Q. You advocate limiting subsidized imports and insisting that foreign nations lower their barriers to our goods. Doesn't that put the United States on a collision course with other growing economies, especially China, which holds billions of dollars of U.S. debt? Is the United States really able to negotiate with China on trade?
A. We can't control China. But we can control our own economy by regulating what we permit to enter the country. Yet we have consistently refused to exercise that right. Yes, the Chinese hold a lot of our debt, but we are crucial to China's economy, too. Whenever tough measures are suggested to enforce trade laws already on the books, the economic elite in the United States warn of repercussions from China as though the United States is powerless to control its own destiny. That's just not true.
Q. Your book blames a lopsided tax system that favors the rich while draining the middle class. How could Congress institute a simpler and fairer tax code?
A. Of all the economic challenges facing the middle class, the tax system should be the simplest to correct: What needs to be done is to reinstitute a series of tax rates that would apply largely to upper-income taxpayers. This would eliminate the inequity that has taxpayers who earn $379,000 paying federal taxes at the same rate as someone who earns $50 million a year.
Anyone who suggests raising the rates on people at the top is accused of inciting class warfare. But this is nonsense. We are merely calling for a rollback to policies similar to those that long existed in the United States and helped bolster a growing middle class. Increasing the number of tax rates would restore fairness. Ever since the income tax was first levied, some critics have denounced any system that contained more than two or three rates as being too complex. What they really mean is that when there are more rates, the very wealthy have to pay more. A tax code with 10 rates is every bit as simple as a code with two rates.
Here's a truly shocking statistic: If you were one of the richest Americans in 1955, you paid on average about 51.2 percent of your income in federal taxes. If you were one of the richest Americans in 2007, your tax rate had plummeted to an average of 16.6 percent. During that time, Congress has systematically cut tax rates for the rich, allowed certain income to be excluded, and enabled the wealthy to funnel vast amounts of money out of the Treasury through loopholes.
The justification for cutting the tax bills of the wealthy was to stimulate the economy and create jobs. Instead, it's given us a wealth gap greater than at any time since the late 1920s, when a similar chasm between the rich and everyone else foreshadowed the Great Depression.
To restore a semblance of balance, the very rich should pay more. It wouldn't affect their lifestyle. It would make our society as a whole more prosperous, which ultimately would benefit even the very rich. It also would dramatically reduce the deficit, which has soared in no small part because $700 billion in tax cuts extended to the rich in the last 10 years.
Simplification of the tax code has been a Trojan horse of the rich for years, luring people into thinking that fewer rates would mean a more equitable tax system, even though it means the opposite. U.S. Rep. Paul Ryan, the House budget chairman, and the presumptive Republican vice-presidential nominee, submitted a proposed budget earlier this year that he claimed would "simplify" the tax code by reducing the number of tax brackets and lowering the top rate on the wealthy. The tax code is complex, but the rates aren't the cause. In fact, much of the code's complexity stems from provisions inserted to benefit the wealthy.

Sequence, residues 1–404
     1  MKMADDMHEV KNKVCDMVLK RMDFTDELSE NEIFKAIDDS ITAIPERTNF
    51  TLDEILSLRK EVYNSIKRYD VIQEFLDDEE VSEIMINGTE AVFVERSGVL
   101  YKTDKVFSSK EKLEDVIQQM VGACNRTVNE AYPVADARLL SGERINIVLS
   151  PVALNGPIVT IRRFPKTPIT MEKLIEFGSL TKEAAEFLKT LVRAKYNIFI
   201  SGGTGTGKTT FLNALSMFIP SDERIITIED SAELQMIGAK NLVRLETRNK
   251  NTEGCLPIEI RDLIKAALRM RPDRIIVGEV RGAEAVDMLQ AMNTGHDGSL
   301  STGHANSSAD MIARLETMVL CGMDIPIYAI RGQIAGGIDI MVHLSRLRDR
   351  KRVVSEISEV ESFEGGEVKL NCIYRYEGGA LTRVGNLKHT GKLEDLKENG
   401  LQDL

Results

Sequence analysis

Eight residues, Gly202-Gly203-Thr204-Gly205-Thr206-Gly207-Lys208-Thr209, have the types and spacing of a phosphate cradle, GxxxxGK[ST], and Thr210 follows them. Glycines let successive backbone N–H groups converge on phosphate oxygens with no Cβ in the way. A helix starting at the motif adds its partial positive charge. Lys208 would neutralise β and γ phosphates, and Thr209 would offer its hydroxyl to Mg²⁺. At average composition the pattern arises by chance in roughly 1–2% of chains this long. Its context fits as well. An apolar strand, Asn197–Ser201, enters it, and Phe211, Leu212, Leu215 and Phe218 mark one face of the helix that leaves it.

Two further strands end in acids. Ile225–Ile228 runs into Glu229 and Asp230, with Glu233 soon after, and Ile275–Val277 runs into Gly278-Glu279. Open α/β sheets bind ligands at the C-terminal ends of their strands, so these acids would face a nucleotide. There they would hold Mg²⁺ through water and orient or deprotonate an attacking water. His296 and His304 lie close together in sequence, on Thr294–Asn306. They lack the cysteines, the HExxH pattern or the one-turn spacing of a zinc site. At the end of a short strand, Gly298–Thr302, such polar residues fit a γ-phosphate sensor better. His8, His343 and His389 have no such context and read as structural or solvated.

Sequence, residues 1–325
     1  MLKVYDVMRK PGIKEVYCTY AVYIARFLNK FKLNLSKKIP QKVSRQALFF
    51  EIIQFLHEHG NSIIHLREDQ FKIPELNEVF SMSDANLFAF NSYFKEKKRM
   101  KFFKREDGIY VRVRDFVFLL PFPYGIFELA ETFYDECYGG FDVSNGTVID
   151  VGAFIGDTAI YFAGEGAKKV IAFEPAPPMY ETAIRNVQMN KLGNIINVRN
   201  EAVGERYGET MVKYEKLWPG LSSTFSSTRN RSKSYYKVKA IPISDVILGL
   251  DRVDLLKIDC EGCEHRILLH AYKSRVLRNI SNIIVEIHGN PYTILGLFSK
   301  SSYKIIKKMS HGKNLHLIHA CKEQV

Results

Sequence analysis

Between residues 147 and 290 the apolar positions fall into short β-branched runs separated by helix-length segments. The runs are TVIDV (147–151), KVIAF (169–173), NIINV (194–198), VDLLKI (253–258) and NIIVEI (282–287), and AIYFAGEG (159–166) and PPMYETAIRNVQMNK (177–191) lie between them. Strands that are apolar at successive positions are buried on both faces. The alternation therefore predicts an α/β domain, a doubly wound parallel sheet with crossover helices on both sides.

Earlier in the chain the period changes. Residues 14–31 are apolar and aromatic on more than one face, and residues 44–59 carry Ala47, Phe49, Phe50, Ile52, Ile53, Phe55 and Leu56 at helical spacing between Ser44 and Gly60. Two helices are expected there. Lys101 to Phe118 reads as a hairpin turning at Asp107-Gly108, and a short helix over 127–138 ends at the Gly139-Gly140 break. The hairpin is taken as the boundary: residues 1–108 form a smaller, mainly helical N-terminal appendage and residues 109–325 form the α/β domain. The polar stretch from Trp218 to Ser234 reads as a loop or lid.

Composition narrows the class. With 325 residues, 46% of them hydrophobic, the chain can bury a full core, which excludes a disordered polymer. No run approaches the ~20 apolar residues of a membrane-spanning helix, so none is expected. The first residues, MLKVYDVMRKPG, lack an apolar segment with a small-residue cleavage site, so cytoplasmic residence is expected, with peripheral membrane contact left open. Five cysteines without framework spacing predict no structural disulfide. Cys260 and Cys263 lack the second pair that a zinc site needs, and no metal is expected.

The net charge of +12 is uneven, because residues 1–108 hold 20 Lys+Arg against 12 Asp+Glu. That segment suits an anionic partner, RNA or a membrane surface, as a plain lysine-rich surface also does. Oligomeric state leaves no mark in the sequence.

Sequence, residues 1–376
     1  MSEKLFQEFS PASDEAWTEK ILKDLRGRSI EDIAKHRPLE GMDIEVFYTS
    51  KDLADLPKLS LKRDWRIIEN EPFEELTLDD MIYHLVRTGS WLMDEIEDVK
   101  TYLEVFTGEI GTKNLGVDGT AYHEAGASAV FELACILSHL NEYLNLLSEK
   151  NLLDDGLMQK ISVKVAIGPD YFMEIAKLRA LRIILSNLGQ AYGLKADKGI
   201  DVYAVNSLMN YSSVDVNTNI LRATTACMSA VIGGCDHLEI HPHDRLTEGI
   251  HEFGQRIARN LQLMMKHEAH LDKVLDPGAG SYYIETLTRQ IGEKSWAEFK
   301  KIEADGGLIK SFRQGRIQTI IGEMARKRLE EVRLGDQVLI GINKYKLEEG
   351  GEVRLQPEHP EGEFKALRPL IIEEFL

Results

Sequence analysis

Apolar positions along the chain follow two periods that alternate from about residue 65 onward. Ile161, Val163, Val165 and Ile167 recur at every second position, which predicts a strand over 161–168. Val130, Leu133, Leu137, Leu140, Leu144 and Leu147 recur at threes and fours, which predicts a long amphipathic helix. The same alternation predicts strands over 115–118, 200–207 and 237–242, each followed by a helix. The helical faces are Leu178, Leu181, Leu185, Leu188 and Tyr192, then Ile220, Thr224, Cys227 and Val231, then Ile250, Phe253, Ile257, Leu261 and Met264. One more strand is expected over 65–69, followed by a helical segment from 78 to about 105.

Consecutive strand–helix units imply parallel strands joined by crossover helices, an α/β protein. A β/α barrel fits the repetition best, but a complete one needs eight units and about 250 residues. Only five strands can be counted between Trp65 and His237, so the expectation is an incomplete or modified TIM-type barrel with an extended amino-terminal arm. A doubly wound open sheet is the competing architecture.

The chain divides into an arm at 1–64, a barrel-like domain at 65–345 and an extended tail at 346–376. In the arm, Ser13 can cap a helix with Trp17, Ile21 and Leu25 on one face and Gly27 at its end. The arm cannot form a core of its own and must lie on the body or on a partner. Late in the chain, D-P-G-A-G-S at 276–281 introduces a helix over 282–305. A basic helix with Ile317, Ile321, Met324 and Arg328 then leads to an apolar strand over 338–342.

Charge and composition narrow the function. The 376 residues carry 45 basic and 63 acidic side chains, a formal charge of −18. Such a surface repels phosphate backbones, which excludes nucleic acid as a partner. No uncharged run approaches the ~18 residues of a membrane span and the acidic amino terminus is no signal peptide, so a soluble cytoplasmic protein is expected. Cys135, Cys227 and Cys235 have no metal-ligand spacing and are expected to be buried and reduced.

Q. If Congress were serious about making the tax code simpler and fairer, what might it do?
A. For starters it could create an individual tax return that could be filed on a single sheet of paper. It would include all your income and the sources of that income - wages, interest, dividends, rental income, and what's now referred to as capital gains and royalties. In short, every dollar of gross income from whatever source derived.
The sum of all that income then would be multiplied by your tax rate. No deductions for any purpose. No tax credits. No personal exemptions. There would be multiple rates, possibly as many as a dozen, running up to a top rate of 70 percent, which would be applied to all income over, say, $10 million. Multiple rates would make certain that people in totally different economic circumstances would not be grouped in the same tax bracket, as is now the case.
Q. Your book blames both parties for the country's jobs deficit. It sounds hopeless. Is it?
A. It's not hopeless, but in the near term it's hopeless with this Congress and a tea party that masquerades as a friend of the middle class when in fact it really represents the interests of the super-rich. The hardening of positions in Washington is preventing the nation from even thinking about tackling our most difficult problems. This isn't the way it used to be.
Few people realize that the largest peacetime public works program in the nation's history - the interstate highway system - was proposed and implemented under a Republican president, Dwight Eisenhower, with broad bipartisan support. It is hard to imagine the two parties, as now constituted in Congress, agreeing to any such ambitious program these days. Deficit hawks would scream that such a venture would just add red ink to the budget. But right now, investing in infrastructure, technology, or some other promising field, would be a plus for job creation. Only when we start taking positive steps to help the middle class, and only when we recreate a political zone where politicians of both parties work together again, will we be able to get this country moving again.
Q. Do you expect the issues raised in your book to become part of the presidential campaign?
A. The issues are already running through the campaign because they are the story of America in 2012. Both candidates are talking about the middle class, but neither is very specific on what he would do. Both are talking about taxes, though in much different ways. Mitt Romney's proposals on taxes would be deadly for the middle class, lead to even more income inequality, and do nothing to create additional jobs. Both have talked about China but neither has faced the obvious need to fashion a more realistic policy on trade with all our trading partners.